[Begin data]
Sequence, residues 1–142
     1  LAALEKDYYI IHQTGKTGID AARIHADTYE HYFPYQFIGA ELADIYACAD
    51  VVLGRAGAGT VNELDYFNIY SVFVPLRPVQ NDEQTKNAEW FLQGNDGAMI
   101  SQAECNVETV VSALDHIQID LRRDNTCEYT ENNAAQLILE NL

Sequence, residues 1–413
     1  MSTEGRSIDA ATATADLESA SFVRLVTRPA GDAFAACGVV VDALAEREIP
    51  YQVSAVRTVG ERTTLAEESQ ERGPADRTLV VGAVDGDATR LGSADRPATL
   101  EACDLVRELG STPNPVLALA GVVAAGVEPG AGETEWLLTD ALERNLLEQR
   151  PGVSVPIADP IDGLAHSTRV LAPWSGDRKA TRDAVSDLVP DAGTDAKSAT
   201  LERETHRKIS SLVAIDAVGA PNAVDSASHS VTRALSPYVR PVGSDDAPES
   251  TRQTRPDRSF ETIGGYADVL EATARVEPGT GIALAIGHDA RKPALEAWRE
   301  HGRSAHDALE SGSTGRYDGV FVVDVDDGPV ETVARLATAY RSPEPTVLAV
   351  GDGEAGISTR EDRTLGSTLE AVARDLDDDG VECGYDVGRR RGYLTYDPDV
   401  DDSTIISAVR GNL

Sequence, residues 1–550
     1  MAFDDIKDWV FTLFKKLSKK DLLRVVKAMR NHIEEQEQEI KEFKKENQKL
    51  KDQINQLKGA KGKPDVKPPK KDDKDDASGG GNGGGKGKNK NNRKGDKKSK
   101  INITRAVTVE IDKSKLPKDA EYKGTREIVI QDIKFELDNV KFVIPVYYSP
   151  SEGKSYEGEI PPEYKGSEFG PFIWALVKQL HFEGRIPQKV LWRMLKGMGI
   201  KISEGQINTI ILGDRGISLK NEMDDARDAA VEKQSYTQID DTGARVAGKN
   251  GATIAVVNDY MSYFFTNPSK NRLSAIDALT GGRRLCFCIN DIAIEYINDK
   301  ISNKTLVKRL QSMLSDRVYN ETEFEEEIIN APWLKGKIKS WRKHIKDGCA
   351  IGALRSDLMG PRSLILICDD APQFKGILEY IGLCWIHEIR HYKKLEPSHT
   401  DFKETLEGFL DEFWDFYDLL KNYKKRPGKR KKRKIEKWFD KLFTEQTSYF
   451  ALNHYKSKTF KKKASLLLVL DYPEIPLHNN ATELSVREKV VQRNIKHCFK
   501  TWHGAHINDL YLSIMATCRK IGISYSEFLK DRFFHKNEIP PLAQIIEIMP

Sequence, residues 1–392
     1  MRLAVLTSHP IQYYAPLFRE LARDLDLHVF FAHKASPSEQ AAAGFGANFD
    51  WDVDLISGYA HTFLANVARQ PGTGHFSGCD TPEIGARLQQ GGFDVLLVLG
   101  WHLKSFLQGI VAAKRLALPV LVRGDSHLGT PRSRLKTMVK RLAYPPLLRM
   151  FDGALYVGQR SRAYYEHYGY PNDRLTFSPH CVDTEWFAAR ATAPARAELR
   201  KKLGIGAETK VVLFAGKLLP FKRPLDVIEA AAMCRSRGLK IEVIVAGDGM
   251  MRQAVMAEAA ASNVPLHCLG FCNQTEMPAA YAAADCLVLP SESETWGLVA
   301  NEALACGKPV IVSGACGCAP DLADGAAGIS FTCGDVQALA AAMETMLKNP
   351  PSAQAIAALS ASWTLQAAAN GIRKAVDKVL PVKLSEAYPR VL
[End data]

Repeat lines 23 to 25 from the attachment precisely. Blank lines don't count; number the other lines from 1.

   351  IGALRSDLMG PRSLILICDD APQFKGILEY IGLCWIHEIR HYKKLEPSHT
   401  DFKETLEGFL DEFWDFYDLL KNYKKRPGKR KKRKIEKWFD KLFTEQTSYF
   451  ALNHYKSKTF KKKASLLLVL DYPEIPLHNN ATELSVREKV VQRNIKHCFK